The Short, Unhappy Life of Campaign Finance Reform
Taylor, Paul, Mother Jones
Power Plays | Politics
Everyone seems ready to bury the McCain-Feingold law-- including those responsible for enforcing it. By Paul Taylor
Everyone seems ready to bury the McCain-Feingold law-- including those responsible for enforcing it.
SENATORS JOHN MCCAIN AND RUSSELL FEINGOLD needed all of seven years to nurse their campaign finance reform bill through a reluctant Congress. The bill's opponents needed all of three hours to start strangling it.
The McCain-Feingold law, which seeks to outlaw large political donations, is nearly a year old now and still gasping for each breath it Draws it's under pitiless assault from every corner of the political universe-unions, corporations, right-to-lifers, civil libertarians, gun owners, broadcasters, Christians, fat cats, purists who think it doesn't go far enough, Democrats, Republicans, Congress, the White House, and even the regulators who are supposed to enforce it. Its fate is in the hands of the U.S. Supreme Court, which will rule this summer on a raft of constitutional challenges. But no matter what the court decides, the resistance mounted by the armies of the status quo has already made for a sobering spectacle-full of naked hypocrisies, petty vanities, low politics, high farce, and, yes, a vexingly difficult clash of core values in a democracy. It has also provided a useful reminder about the pitfalls of reform. Somewhere, surely, Lord Macaulay is grinning in his grave.
This is the saga of the long, hard "morning after" for McCain-Feingold. It begins on March 27, 2002, the day the bill was signed into law. The measure outlaws the half-billion dollars of unlimited checks-- so-called soft money-that flood the coffers of the political parties each election cycle. (Contributions that go directly to individual candidates have been limited by law since Watergate.) As keeper of the world's thickest Rolodex of political donors, President Bush has little use for a ban on soft money, and even less for McCain, his tenacious rival for the GOP presidential nomination. In different circumstances, the president might well have vetoed McCain's bill. But in the spring of 2002 the Enron scandal was raging, and the $312,500 that the president's pal "Kenny Boy" Lay and other top Enron executives had given to Bush's gubernatorial campaigns in Texas had become a political embarrassment. It wasn't the best time for the White House to derail the most important campaign finance reform legislation Congress had passed in a generation. Besides, there were so many other willing executioners.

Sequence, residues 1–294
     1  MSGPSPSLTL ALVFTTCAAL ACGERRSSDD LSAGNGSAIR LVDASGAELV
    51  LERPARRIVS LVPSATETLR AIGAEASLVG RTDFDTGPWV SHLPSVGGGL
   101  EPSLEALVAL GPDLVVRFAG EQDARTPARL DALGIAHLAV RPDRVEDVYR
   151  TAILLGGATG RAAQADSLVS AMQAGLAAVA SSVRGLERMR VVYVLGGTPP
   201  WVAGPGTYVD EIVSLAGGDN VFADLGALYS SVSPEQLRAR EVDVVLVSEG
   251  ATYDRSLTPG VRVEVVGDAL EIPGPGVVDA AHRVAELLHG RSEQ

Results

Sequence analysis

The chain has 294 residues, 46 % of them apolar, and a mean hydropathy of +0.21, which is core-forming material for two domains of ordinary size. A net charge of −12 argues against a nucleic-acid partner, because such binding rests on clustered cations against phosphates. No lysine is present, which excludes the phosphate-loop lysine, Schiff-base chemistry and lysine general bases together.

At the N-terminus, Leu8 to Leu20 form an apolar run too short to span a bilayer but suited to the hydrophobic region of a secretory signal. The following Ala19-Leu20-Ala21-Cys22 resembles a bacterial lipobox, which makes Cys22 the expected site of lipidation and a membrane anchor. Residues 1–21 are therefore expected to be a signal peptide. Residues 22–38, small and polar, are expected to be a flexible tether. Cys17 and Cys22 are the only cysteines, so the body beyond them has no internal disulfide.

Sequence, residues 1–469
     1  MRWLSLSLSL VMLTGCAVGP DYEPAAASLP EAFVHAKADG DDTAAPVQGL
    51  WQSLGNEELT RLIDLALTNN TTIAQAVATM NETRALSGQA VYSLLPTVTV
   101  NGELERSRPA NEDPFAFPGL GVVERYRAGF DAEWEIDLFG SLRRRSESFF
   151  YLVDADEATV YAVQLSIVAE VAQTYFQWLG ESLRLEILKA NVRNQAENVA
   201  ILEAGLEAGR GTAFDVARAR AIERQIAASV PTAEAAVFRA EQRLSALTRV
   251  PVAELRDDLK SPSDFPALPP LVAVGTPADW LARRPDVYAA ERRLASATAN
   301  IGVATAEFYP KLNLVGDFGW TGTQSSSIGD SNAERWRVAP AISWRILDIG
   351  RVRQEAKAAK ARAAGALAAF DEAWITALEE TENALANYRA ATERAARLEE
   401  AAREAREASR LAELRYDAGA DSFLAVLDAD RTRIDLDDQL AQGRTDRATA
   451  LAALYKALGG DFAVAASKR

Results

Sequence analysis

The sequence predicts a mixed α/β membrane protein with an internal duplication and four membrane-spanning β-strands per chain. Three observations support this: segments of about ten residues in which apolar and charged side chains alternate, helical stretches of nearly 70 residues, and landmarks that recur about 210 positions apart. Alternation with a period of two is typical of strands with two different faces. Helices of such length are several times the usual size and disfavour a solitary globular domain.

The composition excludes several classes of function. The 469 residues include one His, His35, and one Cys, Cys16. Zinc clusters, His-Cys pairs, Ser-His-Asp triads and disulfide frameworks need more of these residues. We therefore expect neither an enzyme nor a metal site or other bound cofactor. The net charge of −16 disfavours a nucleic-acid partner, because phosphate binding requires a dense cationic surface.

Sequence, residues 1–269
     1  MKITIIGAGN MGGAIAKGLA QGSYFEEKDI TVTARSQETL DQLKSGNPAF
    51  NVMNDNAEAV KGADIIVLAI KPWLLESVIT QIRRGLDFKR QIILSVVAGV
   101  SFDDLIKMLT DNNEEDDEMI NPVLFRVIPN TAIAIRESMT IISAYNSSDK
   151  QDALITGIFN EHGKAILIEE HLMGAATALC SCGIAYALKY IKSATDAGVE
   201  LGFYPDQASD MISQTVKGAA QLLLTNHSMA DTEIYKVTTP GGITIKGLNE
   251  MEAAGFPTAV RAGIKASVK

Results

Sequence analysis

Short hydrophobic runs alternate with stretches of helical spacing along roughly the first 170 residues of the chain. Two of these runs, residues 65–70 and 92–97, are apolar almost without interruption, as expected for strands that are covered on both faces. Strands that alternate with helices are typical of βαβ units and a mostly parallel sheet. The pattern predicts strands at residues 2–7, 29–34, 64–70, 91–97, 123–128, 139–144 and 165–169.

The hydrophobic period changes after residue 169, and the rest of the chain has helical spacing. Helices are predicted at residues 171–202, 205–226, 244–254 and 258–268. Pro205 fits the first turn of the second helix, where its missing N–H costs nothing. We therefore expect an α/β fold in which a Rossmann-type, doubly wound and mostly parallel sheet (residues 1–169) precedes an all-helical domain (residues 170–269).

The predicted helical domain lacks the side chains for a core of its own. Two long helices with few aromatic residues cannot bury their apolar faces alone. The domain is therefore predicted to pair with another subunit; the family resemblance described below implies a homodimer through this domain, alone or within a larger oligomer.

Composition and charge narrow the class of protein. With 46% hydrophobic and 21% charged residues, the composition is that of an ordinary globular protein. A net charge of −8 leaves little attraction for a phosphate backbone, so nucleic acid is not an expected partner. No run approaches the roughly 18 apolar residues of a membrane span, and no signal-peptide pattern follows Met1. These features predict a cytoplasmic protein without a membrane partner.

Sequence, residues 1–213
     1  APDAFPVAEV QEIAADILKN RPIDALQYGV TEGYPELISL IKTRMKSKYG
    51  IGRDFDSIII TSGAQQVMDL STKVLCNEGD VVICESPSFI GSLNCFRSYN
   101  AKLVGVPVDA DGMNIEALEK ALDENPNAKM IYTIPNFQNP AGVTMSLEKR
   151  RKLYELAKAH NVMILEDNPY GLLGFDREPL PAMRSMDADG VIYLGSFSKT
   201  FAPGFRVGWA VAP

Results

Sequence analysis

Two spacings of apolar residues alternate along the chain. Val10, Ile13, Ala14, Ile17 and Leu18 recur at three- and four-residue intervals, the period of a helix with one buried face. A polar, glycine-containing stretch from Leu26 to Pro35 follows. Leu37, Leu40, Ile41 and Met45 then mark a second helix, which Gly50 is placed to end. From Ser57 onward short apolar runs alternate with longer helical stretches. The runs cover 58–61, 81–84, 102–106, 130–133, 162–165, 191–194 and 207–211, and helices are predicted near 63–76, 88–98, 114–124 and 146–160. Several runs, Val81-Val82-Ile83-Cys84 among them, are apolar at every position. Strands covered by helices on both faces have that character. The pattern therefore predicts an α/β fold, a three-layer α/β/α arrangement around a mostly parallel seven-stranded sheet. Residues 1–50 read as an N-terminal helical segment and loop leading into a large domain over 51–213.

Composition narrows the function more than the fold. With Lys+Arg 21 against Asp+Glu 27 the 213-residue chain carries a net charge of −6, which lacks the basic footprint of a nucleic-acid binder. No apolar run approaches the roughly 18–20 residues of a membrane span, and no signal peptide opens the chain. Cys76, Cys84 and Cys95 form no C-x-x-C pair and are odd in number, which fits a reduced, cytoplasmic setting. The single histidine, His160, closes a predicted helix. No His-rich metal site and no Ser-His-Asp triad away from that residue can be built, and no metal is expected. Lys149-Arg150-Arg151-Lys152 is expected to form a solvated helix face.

So Bush bit his lip, dispensed with the usual Rose Garden ceremony, and put his signature on the bill early that morning in the privacy of his office. McCain and Feingold only learned of the signing afterward. The one politician Bush's staff did tip off was Senator Mitch McConnell (R-Ky.), the self-styled Darth Vader of campaign finance reform. A pompous man even by the lofty standards of the U.S. Senate, McConnell immediately rushed into court to secure the "naming rights" to a lawsuit that he hopes will become both a landmark constitutional case and his own great political legacy.
McConnell v. Federal Election Commission is a consolidated case with 84 plaintiffs, running the gamut from the Chamber of Commerce to the AFL-CIO, from the California Democratic Party to the Republican National Committee, from the Christian Coalition to the ACLU. All contend that in one way or another, the bill infringes on their rights to free speech and association. The plaintiffs certainly make for strange bedfellows, but the grander irony of this lawsuit is the identity of the defendant-the Federal Election Commission. That's the agency charged with enforcing the law. It's also the agency that has spent the past year sabotaging it. Most egregiously, the FEC adopted a regulation that allows the Democratic and Republican parties to create new shell organizations that can continue to collect the unlimited soft money that the bill sets out to ban. …